In the police academy, I was taught how to place handcuffs on a suspect. First, I had to direct the suspect to turn away from me and turn his head, so he could not see me. Then, I would order him to spread his feet apart while bending forward at the waist. He should then put both hands behind his back with his palms facing outward and his thumbs pointing up. His hands should be elevated away from his body while I quickly approached from the rear on a 45 degree angle. My timing had to be flawless so I could perform a perfect “touch-push”, thereby applying the first cuff at the exact moment that I touched the suspect with my opposite hand. With the first cuff on, I simply had to grab his other hand with my non-cuff hand while turning my handcuffs into an unnatural position so I could apply the bottom cuff.
In over 15 years of arresting people, I have never applied handcuffs the way I was trained. I am willing to bet that if you were trained like me, then you abandoned your handcuff training the moment that you walked out of the police academy, too. I have often wondered why I was trained in such an unrealistic technique. The reason is actually pretty simple. Once the first officer was trained in this technique, it quickly became protected under the “we do it this way because we have always done it this way” blanket.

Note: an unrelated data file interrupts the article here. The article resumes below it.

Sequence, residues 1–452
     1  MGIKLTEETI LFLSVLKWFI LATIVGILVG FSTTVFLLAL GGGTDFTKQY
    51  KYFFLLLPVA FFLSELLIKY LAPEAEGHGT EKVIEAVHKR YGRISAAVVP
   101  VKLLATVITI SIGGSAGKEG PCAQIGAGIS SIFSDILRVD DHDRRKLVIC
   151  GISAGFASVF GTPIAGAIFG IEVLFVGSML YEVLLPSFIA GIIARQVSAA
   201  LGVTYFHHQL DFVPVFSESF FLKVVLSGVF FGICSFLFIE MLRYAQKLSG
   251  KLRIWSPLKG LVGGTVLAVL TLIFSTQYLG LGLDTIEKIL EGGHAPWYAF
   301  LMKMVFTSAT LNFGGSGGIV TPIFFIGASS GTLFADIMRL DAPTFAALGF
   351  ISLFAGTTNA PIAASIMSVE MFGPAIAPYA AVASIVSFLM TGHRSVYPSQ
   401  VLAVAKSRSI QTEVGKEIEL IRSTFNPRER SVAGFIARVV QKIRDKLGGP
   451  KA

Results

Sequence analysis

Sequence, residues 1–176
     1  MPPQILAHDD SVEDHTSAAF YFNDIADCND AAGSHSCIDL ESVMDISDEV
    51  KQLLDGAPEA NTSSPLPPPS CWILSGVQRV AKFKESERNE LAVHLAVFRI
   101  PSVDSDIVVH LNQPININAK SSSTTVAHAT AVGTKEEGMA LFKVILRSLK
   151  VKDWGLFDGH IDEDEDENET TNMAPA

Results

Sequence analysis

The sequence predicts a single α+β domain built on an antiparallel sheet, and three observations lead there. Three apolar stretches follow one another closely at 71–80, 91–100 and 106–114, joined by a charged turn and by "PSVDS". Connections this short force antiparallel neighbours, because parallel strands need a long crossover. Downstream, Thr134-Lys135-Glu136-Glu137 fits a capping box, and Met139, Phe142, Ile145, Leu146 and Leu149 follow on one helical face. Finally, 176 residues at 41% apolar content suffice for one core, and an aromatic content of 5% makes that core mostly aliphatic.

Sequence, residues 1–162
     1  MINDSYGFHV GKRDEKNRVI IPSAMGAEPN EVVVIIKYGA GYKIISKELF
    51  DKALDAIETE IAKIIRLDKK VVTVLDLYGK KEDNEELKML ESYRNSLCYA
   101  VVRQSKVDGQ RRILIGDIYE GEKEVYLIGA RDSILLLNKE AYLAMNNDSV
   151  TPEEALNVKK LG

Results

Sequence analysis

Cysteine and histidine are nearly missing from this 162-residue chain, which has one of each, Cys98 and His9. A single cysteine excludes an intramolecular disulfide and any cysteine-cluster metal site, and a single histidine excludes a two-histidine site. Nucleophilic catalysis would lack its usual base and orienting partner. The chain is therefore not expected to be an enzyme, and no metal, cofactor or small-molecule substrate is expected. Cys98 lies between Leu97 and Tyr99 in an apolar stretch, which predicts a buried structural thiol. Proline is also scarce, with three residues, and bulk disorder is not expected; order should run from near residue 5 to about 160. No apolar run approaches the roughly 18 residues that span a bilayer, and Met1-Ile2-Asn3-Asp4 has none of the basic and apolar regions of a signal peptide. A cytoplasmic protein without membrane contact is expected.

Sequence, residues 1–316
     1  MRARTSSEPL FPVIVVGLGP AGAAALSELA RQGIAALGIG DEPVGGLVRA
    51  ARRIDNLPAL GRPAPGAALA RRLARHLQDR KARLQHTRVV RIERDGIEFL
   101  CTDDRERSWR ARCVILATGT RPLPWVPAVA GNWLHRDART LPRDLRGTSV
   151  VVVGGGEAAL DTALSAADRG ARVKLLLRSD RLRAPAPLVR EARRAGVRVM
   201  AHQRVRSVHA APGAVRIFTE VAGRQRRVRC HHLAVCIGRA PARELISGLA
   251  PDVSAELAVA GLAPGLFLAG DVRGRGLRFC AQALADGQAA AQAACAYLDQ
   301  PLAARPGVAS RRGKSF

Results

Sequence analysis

There could be tactical situations where the old handcuffing technique is useful, but we typically order dangerous suspects onto the ground to be handcuffed. Anyone who would follow all of the instructions required for the old technique to work on them would probably be willing to handcuff themselves for you.
In this video, I will show you a simple handcuffing technique that has worked quite well for me over the years. As with any new technique, you need to practice it before attempting it on the street.
If you have a handcuffing technique that works well for you, please feel free to share it with us.